So the yogi's had all sorts of different types of diets, depending on their tradition that you follow. And most of them involve foods that are really easy to digest. In Ayurvedic traditions they say, "It's not so much what you eat, but it's what you can digest." And even if you're eating foods that everyone says are the most healthiest of foods, if you can't digest them then they're not of much use to you, they can even be toxic for you. The yoga system is very concerned with health, starting in the digestive system.

Andrea Wien: No, it is helpful. And we actually had Divya Alter on to talk about Ayurveda, and some the ideas and principles of diet in terms of Ayurvedic lifestyle. So I think our listeners are familiar, at least with the concepts of that, and what you can digest is what you become, not just what you eat. And I think you make a good point, that you could be eating the healthiest of foods, someone could be eating broccoli and salads and all these things that are "healthy", but if they're having a hard time digesting them they can actually cause more problems.

So starting with where you are in your journey and being able to identify which foods…which are often things that are more well cooked, easier to digest. So we would be moving away from the things like meat, just naturally, because meat is much harder to digest than a well cooked vegetable, for example. And that also factors into what you mentioned in terms of the nonviolence, which I think is a big part of yoga, if I'm understanding it correctly?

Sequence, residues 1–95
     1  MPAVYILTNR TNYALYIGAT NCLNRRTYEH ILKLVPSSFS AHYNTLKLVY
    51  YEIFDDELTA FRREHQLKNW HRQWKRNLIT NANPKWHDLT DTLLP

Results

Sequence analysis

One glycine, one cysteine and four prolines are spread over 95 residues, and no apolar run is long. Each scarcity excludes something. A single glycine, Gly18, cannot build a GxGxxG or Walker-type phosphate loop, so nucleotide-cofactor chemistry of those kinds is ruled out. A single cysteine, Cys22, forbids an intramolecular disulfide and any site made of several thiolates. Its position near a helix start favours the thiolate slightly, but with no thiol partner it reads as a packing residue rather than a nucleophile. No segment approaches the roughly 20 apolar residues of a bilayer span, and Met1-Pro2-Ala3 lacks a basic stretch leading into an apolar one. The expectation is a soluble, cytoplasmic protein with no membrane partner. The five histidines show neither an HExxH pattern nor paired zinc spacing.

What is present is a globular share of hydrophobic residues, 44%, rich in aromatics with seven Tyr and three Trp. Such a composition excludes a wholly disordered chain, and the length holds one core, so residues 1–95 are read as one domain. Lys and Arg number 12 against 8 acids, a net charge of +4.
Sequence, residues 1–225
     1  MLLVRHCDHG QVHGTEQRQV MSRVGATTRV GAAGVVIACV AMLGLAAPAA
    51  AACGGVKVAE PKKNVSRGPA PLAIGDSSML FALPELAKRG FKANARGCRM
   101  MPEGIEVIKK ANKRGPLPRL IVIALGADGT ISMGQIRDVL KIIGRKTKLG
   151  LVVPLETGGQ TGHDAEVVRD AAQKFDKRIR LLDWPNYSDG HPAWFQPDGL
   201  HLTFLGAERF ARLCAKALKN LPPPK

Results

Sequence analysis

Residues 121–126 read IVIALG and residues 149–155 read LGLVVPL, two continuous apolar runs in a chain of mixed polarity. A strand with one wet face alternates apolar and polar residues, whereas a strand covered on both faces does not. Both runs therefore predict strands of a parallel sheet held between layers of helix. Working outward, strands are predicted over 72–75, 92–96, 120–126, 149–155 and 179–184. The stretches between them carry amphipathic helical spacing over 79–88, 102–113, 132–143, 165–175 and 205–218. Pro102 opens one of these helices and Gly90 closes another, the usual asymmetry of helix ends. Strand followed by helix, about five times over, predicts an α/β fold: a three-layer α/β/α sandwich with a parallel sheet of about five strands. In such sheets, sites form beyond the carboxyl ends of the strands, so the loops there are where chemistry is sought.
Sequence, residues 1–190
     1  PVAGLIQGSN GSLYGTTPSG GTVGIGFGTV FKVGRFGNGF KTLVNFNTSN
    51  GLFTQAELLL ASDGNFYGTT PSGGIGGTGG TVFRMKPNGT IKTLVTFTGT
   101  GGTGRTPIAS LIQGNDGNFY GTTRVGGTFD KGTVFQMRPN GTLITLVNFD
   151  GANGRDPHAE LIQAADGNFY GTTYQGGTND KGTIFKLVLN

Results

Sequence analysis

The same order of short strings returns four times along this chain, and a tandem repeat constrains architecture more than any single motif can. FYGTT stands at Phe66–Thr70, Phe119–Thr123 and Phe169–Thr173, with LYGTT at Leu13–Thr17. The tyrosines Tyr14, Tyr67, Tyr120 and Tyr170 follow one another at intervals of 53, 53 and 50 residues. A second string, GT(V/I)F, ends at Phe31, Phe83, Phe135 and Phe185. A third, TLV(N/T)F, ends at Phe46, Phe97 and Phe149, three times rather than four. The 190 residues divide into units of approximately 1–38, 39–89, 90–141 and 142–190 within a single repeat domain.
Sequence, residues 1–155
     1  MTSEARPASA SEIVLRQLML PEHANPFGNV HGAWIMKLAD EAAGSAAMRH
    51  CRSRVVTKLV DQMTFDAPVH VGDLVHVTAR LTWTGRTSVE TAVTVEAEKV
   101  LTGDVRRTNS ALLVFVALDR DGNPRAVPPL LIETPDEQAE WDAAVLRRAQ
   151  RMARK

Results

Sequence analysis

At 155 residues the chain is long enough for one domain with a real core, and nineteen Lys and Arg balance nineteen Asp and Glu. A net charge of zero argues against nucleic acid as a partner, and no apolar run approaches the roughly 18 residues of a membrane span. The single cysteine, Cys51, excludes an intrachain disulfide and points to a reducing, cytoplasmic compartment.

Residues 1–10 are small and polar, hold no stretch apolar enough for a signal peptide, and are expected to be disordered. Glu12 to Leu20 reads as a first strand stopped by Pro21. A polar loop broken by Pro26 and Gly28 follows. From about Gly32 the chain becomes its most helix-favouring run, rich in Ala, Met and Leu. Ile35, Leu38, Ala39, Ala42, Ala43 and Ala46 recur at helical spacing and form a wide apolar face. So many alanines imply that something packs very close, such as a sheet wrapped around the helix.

Eddie Stern: Yeah, it's a foundational principle of yoga.

Andrea Wien: So when we think about the asanas and more of the exercise realm of things. So we know from the research that aerobic exercise, like yoga, can increase microbial diversity, but we don't really understand how. Do we know, from a yogic perspective, what yoga is doing internally to encourage the better functioning of our microbes?

Eddie Stern: Just to back up slightly, I don't think yoga qualifies as an aerobic practice because it doesn't really get your heart rate up high enough to be counted as aerobic. So for something to be aerobic, usually your heart rate needs to go above, say, 120 or 130 for a sustained amount of time. And that's really not happening with the yoga practices, unless you do extremely fast sun salutations for a long time; which most people are not doing.

So of the few things I do know, I know that our microbes are very easily influenced by the types of food that we're eating, the digestibility of them, the appropriateness of them for us. And that the state of the microbials in different places, for example, in the gut, do have a strong effect on our moods and emotions and state of mind and energy levels.

Some people have suggested that this has to do with the gut-brain communication access; which is the vagal nerve complex. And so the gut is communicating with the brain through the vagal nerve complex and through the vagal afferents. And if the condition of the microbes in the gut are happy and healthy and being fed and being provided with a hospitable environment, the communication that's sent up to the brain is going to reflect that. And if the environment is being made hostile, or unpleasant, then that will be communicated to the brain as well. The brain will process that information, send it back to the body, and the body will respond in the like manner.